A clinical psychologist has revealed that it takes only seven seconds for us to make an opinion about people during the first meeting.
Linda Blair, clinical psychologist and author of Straight Talking, said that we subconsciously do it, as it is a part of our survival instinct.
"It takes only seven seconds for us to judge another person when we first meet them," the Daily Mail quoted her as saying.
"It's not a conscious process, so we don't even realise we're doing it - but it goes back to our primitive roots when we couldn't afford to make wrong decisions," she said.
Judi James, author of The Body Language Bible, agrees that it comes naturally to us, and that even though we know it is not an accurate way of evaluating another person, we still do it.
"Judging other people in the first few seconds of meeting them is part of our survival response. So, although we might understand that it's a flawed and prejudiced way of evaluation, we can't stop ourselves doing it," she explained.
"We're looking primarily to see if we should feel threatened, but we also make several assumptions about attraction and personality. This is also known as the attribution effect.
"Because we tend to be time-poor, we use assumption as a short-cut, meaning if you don't get it right first time you might not get another chance," she said.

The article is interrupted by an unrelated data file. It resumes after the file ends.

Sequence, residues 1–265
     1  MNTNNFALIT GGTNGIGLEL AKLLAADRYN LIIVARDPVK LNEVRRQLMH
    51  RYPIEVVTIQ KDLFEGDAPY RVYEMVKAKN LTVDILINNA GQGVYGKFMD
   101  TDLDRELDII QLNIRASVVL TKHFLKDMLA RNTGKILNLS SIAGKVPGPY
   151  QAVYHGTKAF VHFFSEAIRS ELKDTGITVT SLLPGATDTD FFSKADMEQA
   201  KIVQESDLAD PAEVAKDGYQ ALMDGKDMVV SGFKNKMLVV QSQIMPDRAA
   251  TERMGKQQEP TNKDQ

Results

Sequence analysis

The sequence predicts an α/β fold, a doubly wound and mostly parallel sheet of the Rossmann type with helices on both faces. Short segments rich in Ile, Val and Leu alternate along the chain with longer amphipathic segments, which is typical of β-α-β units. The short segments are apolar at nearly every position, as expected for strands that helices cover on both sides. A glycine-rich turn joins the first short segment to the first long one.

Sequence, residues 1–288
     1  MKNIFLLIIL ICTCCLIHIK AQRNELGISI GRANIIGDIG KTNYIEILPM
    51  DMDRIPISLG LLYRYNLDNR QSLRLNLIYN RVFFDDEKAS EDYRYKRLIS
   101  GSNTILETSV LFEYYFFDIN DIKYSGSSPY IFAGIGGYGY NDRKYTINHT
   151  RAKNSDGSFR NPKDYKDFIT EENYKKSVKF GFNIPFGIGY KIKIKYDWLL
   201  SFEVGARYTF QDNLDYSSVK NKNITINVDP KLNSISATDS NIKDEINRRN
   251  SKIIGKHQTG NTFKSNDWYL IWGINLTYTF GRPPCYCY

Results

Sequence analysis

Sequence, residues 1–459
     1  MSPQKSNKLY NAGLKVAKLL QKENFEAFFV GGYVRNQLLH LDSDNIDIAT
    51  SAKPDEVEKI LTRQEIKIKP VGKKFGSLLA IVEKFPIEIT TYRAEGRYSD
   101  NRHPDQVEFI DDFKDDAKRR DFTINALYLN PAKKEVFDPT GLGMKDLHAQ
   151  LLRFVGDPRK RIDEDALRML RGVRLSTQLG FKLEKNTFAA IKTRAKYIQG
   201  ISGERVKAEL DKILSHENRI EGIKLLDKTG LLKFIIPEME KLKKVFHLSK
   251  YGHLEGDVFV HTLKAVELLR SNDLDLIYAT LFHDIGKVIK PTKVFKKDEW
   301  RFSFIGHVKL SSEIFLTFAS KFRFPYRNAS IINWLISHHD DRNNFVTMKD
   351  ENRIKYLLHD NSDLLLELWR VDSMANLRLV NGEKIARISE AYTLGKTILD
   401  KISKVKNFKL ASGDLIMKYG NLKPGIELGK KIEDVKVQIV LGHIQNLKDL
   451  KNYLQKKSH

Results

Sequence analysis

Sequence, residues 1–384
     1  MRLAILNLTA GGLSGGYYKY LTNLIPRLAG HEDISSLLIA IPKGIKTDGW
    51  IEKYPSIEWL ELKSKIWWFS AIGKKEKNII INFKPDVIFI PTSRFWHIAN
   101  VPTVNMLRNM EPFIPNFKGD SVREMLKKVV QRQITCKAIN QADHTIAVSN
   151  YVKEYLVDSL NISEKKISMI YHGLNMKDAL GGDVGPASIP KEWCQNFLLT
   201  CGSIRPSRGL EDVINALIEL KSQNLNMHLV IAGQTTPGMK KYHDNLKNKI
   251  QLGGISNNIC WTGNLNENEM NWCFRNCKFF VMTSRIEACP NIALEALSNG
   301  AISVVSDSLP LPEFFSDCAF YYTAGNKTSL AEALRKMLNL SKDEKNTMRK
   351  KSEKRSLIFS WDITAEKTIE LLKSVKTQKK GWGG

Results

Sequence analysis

James warns that while we instantly judge others, we also slip up on signals we ourselves give out, which makes us arrive at business or social events looking dour, anxious, shy or hostile, without realising it.
"We're happy to warm up as we go along, but we should put in some effort to hit the ground running - defining who we are and what we're like accurately at first meeting," she added.
Expert tips on how to pass the seven-second test includes, taking a moment before meeting people to check on appearance and to breathe out gently to remove tension and calm any nerves caused by shyness or anxiety.
Pulling oneself up to full height will make one look confident, and also relax muscle tension.
Image consultant Karen Gillam advices turning off one's cell phone or putting it on silent, and to smile at the other person as it would instantly help to strike a rapport.
Showing interest in the other person also helps, but invading their personal space does not, and always use open gestures, rather than fold your arms or cross your legs.